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Conquer the Core

Check these 4 main areas to see how your district’s Core readiness stacks up.

In just over a year, your students will be taking Common Core-aligned assessments. Are you ready?

If you answered "Probably not," don't panic. "Common Core preparedness is a fluid thing," says Steve Peha, president of Teaching That Makes Sense. "We have no definition for it, and there's no endpoint. States will continue to improve their efforts for years, if not indefinitely."

The bottom line: No one can really tell you where you "should" be with Common Core implementation, because no one knows for sure what successful implementation will look like, or what steps it will take to get there. But, according to experts, there are a few clear signposts you can use to measure, mark, and improve your efforts.

1 | Curricula
Aligning your language arts and math curricula to the Common Core standards is definitely a challenge, but it's "probably the easiest to solve because there is so much access to curriculum," says Peha, "and because our system has become inured, over the years, to swapping curriculum in and out."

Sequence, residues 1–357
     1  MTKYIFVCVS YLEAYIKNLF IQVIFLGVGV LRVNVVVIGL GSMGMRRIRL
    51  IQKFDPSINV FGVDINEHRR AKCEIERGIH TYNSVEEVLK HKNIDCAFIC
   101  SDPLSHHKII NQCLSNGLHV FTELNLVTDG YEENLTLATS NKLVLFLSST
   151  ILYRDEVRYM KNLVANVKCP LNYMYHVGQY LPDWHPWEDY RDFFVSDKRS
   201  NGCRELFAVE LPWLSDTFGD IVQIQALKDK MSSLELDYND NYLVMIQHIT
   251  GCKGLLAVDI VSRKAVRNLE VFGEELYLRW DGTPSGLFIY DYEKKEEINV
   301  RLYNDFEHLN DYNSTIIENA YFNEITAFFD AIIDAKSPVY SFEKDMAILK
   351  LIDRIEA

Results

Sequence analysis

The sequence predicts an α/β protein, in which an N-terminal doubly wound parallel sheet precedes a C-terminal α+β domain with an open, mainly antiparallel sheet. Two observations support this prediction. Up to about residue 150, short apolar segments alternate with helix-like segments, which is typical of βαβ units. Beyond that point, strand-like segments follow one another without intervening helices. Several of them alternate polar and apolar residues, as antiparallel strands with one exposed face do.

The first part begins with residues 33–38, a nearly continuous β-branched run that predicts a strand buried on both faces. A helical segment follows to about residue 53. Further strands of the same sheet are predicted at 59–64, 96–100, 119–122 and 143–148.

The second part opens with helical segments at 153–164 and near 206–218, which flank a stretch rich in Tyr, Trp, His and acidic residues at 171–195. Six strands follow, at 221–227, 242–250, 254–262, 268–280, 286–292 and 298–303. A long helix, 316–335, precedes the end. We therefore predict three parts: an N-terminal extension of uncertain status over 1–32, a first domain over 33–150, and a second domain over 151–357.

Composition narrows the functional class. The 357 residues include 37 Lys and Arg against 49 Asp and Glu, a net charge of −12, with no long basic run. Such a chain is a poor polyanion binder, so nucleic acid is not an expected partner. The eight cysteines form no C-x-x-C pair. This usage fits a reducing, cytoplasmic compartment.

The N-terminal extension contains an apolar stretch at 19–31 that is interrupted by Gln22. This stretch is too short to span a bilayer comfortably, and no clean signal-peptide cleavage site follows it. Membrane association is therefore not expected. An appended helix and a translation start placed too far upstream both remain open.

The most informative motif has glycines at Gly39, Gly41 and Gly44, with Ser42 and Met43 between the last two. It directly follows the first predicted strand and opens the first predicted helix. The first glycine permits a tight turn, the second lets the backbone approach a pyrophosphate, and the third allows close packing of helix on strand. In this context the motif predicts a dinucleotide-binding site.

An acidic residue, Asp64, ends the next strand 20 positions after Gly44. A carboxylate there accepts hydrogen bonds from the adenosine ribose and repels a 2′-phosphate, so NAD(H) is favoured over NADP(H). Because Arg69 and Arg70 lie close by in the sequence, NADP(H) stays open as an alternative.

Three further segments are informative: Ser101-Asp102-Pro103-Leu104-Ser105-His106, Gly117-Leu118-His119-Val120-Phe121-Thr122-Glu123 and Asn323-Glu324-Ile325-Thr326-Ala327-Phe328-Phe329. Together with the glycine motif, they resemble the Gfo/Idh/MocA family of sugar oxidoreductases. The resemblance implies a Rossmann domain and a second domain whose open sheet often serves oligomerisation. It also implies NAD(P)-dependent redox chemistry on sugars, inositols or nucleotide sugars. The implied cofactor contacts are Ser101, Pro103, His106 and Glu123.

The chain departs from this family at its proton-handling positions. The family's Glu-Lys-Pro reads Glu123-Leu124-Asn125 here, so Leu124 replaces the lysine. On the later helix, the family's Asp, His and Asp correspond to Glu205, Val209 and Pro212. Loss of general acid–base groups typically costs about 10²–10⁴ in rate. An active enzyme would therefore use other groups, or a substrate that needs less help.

No one expects your school to be using 100 percent Common Core-aligned textbooks in all classes, at all grade levels, starting this fall. (In fact, it may not be necessary to buy any new texts.) But by now, teachers should have a basic understanding of the Common Core standards and what they mean for instruction. They should understand that they'll need to increase the depth and rigor of their instruction, and they should be considering ways to do so.

Digital literacy skills are necessary in the Common Core era, so they should be integrated across the curriculum. All students should use computers, keyboards, and tablets on a regular basis.

Quick Catch-Up. Share curriculum ideas. Many teachers have already designed Core-aligned lessons. Sharemylesson.com has a wealth of such material for all grade levels in math and language arts.

Long-Term Planning. Analyze your current curriculum. "Look at your current resources and curriculum," says Sherida Britt, director of Tools for Teachers at ASCD. "A lot of people are using the same resources they taught from last year but teaching them differently." Have teachers work in teams to design innovative and robust lessons.

Compare your curriculum to the new standards. Use the American Federation of Teachers' curriculum review tools (available for Math and Language Arts) to evaluate new texts and materials.